What would a charcuterie board be without a variety of crackers? Crunchy companions are necessary to balance textures, but if you're bored of your typical party crackers and want something slightly outside the box, opt for Italian grissini. These versatile, small, and crispy breadsticks are a fantastic alternative to crackers and a natural pairing with flavorful cheeses, prosciutto, and other Italian cured meats. The long, skinny shapes of the breadsticks also make them easy to wrap pieces of meat around and are an ideal size for dunking into dips.

Of course, you can follow a grissini recipe to make your own — but they're also surprisingly easy to find on grocery shelves. Italian markets like Eataly carry plenty of brands both online and in stores. Alessi is one option and is commonly available in many supermarkets. A gluten-free grissini alternative by Schar is also carried in grocery stores like Publix.


It isn't uncommon for charcuterie boards to include fruity flavors. Figs, pears, and grapes are a few fruits that come to mind; they are usually paired with a wide range of cheeses and meats. For a lesser-known — but as scrumptious — fruit option, we think you should consider the quince. Quinces are similar to apples and pears yet have a distinctively tart flavor. However, they are rarely eaten raw due to their sourness and tough texture. 

One delicious way to add this unexpected fruit to your charcuterie board is through quince paste, also called membrillo or quince cheese. It's enjoyed in several cultures around the world, including Spain, where it's often seen paired with manchego. Thus, quince paste is a must if opting for a Spanish-themed charcuterie board.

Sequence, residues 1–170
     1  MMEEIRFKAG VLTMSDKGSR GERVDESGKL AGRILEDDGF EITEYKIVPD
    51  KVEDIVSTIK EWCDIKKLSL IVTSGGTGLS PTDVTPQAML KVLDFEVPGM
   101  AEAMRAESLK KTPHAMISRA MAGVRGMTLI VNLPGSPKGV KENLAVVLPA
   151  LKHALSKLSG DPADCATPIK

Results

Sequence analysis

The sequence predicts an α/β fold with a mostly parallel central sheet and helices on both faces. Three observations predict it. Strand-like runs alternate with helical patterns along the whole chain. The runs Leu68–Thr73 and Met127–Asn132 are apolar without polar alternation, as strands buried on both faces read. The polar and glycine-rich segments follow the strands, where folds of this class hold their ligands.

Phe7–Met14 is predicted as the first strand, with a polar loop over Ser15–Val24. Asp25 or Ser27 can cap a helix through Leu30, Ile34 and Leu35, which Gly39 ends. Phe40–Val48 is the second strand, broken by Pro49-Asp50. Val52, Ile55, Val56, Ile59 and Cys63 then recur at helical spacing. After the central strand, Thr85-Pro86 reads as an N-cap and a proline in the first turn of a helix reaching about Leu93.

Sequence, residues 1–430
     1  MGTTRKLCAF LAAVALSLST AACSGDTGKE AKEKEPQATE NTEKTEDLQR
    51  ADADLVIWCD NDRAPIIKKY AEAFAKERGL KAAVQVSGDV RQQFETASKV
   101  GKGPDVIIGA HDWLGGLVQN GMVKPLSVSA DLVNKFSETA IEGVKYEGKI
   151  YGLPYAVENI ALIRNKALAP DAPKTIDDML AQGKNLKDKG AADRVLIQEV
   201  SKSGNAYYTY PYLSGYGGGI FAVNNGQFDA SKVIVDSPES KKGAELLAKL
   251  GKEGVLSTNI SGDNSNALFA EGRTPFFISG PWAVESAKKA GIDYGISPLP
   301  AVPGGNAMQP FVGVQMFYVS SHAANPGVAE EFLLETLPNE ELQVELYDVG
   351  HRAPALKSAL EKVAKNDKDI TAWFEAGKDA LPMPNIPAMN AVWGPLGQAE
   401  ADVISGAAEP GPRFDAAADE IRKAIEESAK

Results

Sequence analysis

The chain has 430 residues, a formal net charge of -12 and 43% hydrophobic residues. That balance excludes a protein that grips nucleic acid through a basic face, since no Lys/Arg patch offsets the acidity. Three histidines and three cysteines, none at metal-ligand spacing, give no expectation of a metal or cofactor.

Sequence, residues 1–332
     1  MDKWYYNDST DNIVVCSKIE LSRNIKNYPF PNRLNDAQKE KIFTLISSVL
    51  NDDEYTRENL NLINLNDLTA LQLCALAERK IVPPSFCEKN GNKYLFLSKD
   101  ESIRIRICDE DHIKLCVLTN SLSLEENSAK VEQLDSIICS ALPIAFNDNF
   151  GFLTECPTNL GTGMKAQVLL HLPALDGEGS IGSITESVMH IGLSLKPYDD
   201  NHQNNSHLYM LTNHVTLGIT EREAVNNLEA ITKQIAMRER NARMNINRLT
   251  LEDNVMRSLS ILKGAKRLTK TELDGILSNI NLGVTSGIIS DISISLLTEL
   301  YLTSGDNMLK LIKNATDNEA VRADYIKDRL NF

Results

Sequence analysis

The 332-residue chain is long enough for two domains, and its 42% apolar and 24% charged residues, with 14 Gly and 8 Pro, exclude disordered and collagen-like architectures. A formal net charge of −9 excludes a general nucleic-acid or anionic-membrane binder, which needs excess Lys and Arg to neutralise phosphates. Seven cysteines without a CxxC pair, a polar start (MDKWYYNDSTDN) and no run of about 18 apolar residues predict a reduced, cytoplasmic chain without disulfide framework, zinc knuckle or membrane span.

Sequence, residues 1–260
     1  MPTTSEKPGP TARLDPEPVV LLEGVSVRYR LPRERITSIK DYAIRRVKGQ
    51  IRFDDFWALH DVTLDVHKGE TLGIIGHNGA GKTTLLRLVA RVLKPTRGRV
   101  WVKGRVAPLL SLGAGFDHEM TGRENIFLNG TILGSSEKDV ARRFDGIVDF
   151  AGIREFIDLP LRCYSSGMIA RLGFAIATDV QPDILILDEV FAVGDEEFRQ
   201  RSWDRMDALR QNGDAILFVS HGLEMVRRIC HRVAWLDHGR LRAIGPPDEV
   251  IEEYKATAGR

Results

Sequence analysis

If you find fresh quinces at your local markets, you could follow a membrillo recipe and make your own. However, the simpler alternative is to buy it pre-made at the grocery store. While not every market carries it, look for this ingredient near the gourmet cheese section. However, if none of your local grocery stores or specialty shops stock this item, purchasing online is always an option.

Smoked salmon

What do prosciutto, soppressata, mortadella, and capicola all have in common? Not only are they all popular cured meats to place on charcuterie boards, but they are also all made from pork. For those who avoid pork, are pescatarians, or generally prefer seafood, "seacuterie" boards using tinned fish like tuna, sardines, and mussels are becoming more popular. However, smoked salmon and lox are arguably the closest things to more traditional charcuterie meats, given how the fish is cured and preserved.